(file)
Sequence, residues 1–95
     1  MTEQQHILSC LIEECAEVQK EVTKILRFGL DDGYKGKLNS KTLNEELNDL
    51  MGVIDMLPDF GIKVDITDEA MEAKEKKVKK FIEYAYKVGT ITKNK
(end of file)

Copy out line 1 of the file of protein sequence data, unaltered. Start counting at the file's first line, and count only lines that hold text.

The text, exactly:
Sequence, residues 1–95